In mathematics, a Fourier series, named in honor of Joseph Fourier (1768-1830), is a representation of a periodic function (often taken to have period 2π -- in a sense, the simplest case) as a sum of periodic functions of the form
Fourier was the first to study systematically such infinite series, after preliminary investigations by Euler, d'Alembert, and Daniel Bernoulli. He applied these series to the solution of the heat equation, publishing his initial results in 1807 and 1811, and publishing his Théorie analytique de la chaleur in 1822. From a modern point of view, Fourier's results are somewhat informal, due in no small part to the lack of a precise notion of function and integral in the early nineteenth century. Later, Dirichlet and Riemann expressed Fourier's results with greater precision and formality.
Many other Fourier-related transforms have since been defined, extending to other applications the initial idea of representing any periodic function as a superposition of harmonics. This general area of inquiry is now sometimes called harmonic analysis.
Definition of Fourier series
Suppose f(x) is a complex-valued function of a real number, is periodic with period 2π, and is square-integrable over the interval from 0 to 2π. Let
Then the Fourier series representation of f(x) is given by
Each term in this sum is called a Fourier mode. In the important special case of a real-valued function f(x), one often uses the identity
to equivalently represent f(x) as an infinite linear combination of functions of the form and , i.e.
- , where
which corresponds to and
For example problems, see www.exampleproblems.com .
Convergence of Fourier series
While the Fourier coefficients an and bn can be formally defined for any function for which the integrals make sense, whether the series so defined actually converges to f(x) depends on the properties of f.
The simplest answer is that if f is square-integrable then
(this is convergence in the norm of the space L2).
There are also many known tests that ensure that the series converges at a given point x. For example, if the function is differentiable at x. Even a jump discontinuity does not pose a problem: if the function has left and right derivatives at x, then the Fourier series will converge to the average of the left and right limits (but see Gibbs phenomenon).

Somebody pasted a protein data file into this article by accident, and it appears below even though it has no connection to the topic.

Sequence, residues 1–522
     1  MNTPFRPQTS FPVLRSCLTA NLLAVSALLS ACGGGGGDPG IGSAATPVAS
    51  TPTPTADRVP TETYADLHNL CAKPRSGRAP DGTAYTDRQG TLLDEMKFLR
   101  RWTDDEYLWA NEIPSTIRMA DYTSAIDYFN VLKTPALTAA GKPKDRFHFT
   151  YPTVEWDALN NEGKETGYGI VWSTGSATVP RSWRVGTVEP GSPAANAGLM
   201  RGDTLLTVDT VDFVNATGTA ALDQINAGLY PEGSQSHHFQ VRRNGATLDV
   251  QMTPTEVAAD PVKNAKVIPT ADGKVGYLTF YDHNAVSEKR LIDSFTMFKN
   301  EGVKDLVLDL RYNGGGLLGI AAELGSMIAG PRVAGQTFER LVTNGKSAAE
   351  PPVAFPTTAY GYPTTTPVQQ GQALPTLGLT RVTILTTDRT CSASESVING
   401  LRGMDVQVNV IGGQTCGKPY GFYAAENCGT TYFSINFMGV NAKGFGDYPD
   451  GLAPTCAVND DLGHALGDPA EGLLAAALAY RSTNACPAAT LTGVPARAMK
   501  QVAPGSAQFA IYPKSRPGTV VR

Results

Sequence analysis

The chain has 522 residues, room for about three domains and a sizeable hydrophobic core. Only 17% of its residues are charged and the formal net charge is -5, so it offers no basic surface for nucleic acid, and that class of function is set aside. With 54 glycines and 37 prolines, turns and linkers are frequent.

However, a fact that many find surprising, is that the Fourier series of a continuous function need not converge pointwise. A discussion of the counterexample, along with other positive and negative results in the general spirit of "for functions of type X, the Fourier series converges in sense Y" may be found in Convergence of Fourier series.
Some positive consequences of the homomorphism properties of exp
Because "basis functions" eikx are homomorphisms of the real line (more precisely, of the "circle group") we have some useful identities:
then (if G is the transform of g)
- If Hk is the transform of , then
that is, the Fourier transform of a convolution is the product of the Fourier transforms. Vice versa, if h = fg then the Fourier transform H of h is the convolution of the Fourier transforms of f and g
or, for the real-valued f(x) case above,
The useful properties of Fourier series are largely derived from the orthogonality and homomorphism property of the functions . Other sequences of orthogonal functions have similar properties, although some useful identities concerning e.g. convolutions are no longer true once we lose the homomorphism property. Examples include sequences of Bessel functions and orthogonal polynomials. Such sequences are commonly the solutions of a differential equation; a large class of useful sequences are solutions of the so-called Sturm-Liouville problems.
- Yitzhak Katznelson, An introduction to harmonic analysis, Second corrected edition. Dover Publications, Inc., New York, 1976. ISBN 0486633314